Union City native authors history of Murfreesboro Christian school

Union City native authors history of Murfreesboro Christian school

Posted: Thursday, December 1, 2011 10:55 am

The Messenger 12.01.11

Associate Editor
Union City native Jason Faulkner has spent 20 years teaching at Middle Tennessee Christian School in Murfreesboro and recently compiled a book on the school’s 50th anniversary.
The son of Mr. and Mrs. Jimmy Faulkner of Union City, the author is a graduate of Union City High School.
He received a bachelor of science degree from Freed-Hardeman University in Henderson and a master’s degree from Middle Tennessee State University. He began teaching at Middle Tennessee Christian School in 1991, where he teaches 12th grade Advanced Placement European history, American government and economics and 11th grade American history.
He also serves as an adjunct professor at MTSU.
Faulkner is active in his community, serving as a member of Murfreesboro Lions Club and as a member of the board of directors of the Historic Springfield Foundation. He attends East Main Church of Christ in Murfreesboro.
Middle Tennessee Christian School, a Church of Christ-affiliated school, was organized in 1960 after area residents began holding meetings on Sunday afternoons to discuss offering a Christian education to their local students. Of the original trustees, only two had children who attended the school, which received its charter from the State of Tennessee in December 1960 and opened its doors in the fall of 1962. It began with 62 students in grades K-3. More grades were added over the years and it now has more than 700 students enrolled in pre-kindergarten through 12th grade.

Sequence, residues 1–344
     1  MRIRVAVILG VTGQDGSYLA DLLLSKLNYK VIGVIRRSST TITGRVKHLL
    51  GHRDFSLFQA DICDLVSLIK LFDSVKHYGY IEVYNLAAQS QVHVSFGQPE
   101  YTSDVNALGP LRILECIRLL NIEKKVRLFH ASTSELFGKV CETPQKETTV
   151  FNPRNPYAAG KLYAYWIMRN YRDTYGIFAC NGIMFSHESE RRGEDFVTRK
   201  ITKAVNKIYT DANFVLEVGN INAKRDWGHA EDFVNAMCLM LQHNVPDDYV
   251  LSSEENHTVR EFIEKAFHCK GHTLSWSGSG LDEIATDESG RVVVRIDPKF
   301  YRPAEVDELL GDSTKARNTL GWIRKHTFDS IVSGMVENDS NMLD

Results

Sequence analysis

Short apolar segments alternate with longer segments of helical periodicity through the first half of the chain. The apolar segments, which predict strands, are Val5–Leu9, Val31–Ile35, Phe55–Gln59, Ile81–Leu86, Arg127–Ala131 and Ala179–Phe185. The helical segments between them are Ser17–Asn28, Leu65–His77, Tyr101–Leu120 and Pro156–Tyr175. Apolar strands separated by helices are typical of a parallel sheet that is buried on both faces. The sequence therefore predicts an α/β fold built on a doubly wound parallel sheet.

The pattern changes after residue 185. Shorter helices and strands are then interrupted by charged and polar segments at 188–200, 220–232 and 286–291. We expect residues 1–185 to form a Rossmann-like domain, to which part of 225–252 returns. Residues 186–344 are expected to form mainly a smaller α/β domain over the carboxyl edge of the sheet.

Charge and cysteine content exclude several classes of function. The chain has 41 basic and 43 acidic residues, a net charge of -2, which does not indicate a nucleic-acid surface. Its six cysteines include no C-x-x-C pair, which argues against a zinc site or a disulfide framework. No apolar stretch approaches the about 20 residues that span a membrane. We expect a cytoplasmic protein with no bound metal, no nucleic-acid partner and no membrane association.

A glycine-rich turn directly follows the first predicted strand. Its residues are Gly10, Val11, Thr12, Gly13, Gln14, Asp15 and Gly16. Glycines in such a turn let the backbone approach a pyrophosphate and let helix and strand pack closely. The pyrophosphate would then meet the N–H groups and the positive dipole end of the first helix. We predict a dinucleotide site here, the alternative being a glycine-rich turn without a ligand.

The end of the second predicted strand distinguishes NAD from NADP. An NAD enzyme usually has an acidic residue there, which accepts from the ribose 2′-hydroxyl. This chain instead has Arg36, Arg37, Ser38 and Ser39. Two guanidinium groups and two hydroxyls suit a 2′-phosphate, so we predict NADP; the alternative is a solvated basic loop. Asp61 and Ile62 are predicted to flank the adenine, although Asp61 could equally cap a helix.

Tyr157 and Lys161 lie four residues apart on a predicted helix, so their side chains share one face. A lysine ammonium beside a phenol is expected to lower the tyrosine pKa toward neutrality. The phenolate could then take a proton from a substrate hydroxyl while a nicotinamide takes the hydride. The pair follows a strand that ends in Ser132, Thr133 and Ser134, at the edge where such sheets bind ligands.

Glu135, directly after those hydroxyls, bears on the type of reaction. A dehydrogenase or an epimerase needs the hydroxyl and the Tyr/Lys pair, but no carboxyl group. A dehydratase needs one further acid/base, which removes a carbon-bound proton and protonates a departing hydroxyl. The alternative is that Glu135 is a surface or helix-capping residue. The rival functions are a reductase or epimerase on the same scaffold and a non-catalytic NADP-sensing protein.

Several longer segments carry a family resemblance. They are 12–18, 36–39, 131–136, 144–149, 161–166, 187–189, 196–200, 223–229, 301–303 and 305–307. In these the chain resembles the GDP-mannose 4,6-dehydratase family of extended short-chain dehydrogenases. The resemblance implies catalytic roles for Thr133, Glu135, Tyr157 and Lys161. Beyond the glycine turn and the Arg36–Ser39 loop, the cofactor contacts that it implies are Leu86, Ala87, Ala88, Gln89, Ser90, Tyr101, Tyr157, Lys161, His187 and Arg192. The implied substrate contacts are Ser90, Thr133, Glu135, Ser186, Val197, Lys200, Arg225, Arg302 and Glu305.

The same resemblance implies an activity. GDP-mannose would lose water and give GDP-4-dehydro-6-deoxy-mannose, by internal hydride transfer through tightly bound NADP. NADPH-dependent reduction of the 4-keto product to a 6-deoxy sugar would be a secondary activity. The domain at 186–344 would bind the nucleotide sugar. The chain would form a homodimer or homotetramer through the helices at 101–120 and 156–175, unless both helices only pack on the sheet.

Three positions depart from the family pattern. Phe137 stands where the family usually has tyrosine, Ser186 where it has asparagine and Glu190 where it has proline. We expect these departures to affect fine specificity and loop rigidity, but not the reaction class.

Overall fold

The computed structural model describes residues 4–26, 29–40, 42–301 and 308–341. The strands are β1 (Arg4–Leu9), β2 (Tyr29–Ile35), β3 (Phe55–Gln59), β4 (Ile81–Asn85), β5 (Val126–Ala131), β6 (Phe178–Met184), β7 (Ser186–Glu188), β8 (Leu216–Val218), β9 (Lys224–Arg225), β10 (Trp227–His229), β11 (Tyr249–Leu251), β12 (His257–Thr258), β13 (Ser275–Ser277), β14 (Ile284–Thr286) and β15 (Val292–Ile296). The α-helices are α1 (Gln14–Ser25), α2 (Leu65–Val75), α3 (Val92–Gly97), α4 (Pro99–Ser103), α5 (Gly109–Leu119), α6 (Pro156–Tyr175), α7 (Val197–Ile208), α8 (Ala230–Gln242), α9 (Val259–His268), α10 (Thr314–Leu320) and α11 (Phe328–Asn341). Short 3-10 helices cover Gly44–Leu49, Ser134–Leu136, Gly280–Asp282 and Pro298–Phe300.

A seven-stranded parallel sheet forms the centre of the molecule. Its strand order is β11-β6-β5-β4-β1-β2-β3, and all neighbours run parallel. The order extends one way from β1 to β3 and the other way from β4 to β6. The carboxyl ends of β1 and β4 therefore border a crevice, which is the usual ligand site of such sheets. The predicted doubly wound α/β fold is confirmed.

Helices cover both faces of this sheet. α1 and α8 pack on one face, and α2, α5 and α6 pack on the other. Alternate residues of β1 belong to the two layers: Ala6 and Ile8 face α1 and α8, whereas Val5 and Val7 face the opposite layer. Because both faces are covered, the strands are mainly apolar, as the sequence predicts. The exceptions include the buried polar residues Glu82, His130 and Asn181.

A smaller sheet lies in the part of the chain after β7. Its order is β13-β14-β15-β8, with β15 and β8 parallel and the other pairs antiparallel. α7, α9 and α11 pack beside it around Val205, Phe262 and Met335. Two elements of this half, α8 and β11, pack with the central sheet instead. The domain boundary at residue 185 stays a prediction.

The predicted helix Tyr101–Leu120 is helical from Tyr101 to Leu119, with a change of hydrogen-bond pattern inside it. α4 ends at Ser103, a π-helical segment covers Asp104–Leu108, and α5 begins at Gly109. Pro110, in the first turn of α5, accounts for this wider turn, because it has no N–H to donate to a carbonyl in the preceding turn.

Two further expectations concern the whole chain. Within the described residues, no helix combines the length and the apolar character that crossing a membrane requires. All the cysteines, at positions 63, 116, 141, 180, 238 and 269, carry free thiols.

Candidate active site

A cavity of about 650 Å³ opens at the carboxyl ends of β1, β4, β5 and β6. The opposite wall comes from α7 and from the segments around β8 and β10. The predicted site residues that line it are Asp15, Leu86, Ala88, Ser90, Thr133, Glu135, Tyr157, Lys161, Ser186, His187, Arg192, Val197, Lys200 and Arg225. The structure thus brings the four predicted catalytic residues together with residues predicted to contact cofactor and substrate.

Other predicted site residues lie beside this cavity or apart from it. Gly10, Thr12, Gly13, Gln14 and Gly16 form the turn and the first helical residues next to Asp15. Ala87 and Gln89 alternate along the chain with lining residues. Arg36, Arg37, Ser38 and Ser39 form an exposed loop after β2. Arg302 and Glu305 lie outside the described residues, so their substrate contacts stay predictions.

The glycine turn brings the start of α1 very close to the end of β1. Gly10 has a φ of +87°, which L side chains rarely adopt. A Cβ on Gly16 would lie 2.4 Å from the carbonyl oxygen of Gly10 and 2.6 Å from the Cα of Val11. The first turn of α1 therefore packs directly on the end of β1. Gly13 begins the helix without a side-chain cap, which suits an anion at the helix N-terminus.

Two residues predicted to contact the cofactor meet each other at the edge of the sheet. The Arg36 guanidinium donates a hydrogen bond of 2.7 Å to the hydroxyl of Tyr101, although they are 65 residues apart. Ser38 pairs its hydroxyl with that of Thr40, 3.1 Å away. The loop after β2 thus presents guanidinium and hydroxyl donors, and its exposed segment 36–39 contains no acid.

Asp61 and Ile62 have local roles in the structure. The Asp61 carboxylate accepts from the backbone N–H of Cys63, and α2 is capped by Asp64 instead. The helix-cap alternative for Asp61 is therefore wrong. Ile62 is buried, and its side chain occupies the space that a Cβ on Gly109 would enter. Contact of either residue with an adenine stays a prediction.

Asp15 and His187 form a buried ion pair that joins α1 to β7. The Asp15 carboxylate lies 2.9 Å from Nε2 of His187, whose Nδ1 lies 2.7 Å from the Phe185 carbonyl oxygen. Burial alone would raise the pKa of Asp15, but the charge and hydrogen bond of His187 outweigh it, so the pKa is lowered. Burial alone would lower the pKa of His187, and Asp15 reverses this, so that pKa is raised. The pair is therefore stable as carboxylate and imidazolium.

Faulkner depended on former students, parents and other supporters to provide the information for the book, “Fulfilling the Promise: A History of Middle Tennessee Christian School,” which is now available for purchase. The books are $25 each.
“As MTCS was making plans to celebrate its 50th year, I thought a history of the school would be a worthy project. Although many of the founders of the school have passed away, there are several people in the community who were part of the initial organization of the school,” Faulkner said. “I believe that we often wait too late to ask the older generation questions about their past and the history of the community. The 50th anniversary was an excellent excuse to borrow the memories of those who were present when the school was just an idea.”
This was Faulkner’s second attempt at recording local history. He also compiled a book entitled “McConnell Church of Christ: A History.”
Associate Editor Donna Ryder can be contacted by email at dryder@ucmessenger.com.

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